Who has more power—a country or a social media company? Well, it depends on who you ask. Earlier this month, there was a virtual standoff between Australia and Facebook. Here’s what happened … Australia proposed a law that would require companies like Facebook and Google to pay news organizations to allow them to share news content from their platforms. Forcing companies to pay for news content? No thanks, says Facebook and Google! These tech giants didn’t like the idea and voiced it by threatening to cut off Australia’s access to their platforms. Despite these threats, however, the New Media and Digital Platforms Mandatory Bargaining Code was headed to the Australian parliament for a vote. Facebook decided that enough was enough and banned Australians from receiving news on Facebook and Australian news outlets from posting on Facebook. Yep, for five days, Australians had no news on their Facebook feeds! While talks between Facebook and the Australian Government have since smoothed things over a bit (Australia’s amending the law so it supports journalism and not so much large news organizations), the row raised a bigger question—should governments regulate social media companies when it comes to news content? Why do you think this question came up in the first place?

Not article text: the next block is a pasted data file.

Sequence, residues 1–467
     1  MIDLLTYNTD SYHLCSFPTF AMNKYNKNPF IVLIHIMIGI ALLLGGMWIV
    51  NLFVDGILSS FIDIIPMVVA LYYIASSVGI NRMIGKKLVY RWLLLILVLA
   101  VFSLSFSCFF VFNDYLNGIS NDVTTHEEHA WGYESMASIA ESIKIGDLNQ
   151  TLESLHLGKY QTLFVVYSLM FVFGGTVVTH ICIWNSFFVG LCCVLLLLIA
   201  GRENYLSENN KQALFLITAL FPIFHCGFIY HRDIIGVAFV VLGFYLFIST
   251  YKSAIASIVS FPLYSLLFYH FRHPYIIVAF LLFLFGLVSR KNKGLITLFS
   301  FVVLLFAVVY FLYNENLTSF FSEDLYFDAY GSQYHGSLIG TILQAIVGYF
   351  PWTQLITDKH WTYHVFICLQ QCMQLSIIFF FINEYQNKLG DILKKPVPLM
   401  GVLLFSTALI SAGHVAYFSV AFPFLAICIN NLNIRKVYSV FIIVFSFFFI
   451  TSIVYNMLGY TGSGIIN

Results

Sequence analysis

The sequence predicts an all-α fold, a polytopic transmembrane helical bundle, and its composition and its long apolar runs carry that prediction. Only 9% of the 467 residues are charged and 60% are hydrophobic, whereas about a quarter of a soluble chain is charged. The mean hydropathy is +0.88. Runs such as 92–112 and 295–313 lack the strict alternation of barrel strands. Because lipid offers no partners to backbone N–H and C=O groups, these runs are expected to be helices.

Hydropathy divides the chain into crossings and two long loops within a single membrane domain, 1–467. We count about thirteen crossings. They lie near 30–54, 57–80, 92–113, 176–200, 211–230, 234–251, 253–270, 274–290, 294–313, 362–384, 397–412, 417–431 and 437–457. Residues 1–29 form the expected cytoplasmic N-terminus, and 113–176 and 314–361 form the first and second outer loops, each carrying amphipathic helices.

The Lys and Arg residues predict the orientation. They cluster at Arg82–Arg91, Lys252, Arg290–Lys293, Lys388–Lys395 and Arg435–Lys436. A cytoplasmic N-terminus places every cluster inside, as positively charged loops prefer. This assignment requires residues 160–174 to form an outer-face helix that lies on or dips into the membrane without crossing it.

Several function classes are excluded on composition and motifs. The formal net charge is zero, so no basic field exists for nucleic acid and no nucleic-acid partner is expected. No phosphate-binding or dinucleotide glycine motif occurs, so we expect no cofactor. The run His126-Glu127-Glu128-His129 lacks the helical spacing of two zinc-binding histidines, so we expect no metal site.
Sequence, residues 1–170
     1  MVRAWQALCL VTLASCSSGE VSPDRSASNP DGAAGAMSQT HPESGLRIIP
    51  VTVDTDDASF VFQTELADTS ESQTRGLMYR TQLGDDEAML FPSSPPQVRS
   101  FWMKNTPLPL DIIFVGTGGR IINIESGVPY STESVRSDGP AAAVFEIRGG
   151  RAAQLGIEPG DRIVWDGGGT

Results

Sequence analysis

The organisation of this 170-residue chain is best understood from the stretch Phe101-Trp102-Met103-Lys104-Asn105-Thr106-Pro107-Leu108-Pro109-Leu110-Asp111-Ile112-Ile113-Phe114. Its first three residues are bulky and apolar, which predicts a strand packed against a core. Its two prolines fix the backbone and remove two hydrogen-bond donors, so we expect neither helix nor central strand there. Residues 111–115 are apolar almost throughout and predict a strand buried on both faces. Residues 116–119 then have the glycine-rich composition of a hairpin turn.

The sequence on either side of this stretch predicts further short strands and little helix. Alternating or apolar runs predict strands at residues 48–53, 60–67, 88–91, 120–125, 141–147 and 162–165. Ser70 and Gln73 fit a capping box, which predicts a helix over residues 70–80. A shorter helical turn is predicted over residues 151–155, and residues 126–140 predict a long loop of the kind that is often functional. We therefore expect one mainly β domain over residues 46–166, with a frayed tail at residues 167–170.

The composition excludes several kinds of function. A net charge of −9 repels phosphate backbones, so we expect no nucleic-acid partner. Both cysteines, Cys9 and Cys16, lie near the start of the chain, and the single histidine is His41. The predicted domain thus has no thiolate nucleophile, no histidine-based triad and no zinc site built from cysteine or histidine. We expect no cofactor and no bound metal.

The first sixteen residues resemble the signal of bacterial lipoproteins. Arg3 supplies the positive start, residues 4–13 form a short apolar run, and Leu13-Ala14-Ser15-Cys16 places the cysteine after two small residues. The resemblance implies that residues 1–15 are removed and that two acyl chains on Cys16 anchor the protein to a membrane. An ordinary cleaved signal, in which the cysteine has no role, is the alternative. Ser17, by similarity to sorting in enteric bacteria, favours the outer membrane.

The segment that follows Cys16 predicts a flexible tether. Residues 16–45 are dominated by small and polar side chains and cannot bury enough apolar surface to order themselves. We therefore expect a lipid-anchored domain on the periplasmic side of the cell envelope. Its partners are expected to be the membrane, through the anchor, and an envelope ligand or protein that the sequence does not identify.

Background: You may be too young to remember a time when the internet wasn’t the go-to place for information, but your parents probably do. It wasn’t so long ago (we’d estimate approximately three decades!) when people relied on TV, radio, or printed newspapers to learn about what was happening in the world. But when the internet became more and more popular, so did digital news. The shift from print to digital became a problem for news organizations because they began to lose money. People started reading news online, which resulted in fewer people purchasing printed newspapers. Less people reading printed newspapers also meant less businesses wanting to buy advertisements from news organizations. After all, what’s the point of having an advertisement in a newspaper if no one’s going to see it? Companies started buying more advertising space online. Later on, social media companies, like Facebook, were formed. These companies became more and more popular, and people started to use their social media platforms to catch up on the news via posts and stories that would show up in their feeds. Large news organizations began blaming social media companies for their revenue loss. Social media companies, on the other hand, believe that news organizations actually benefit from their platforms. Who’s right? Is there a right or wrong, or is this just business?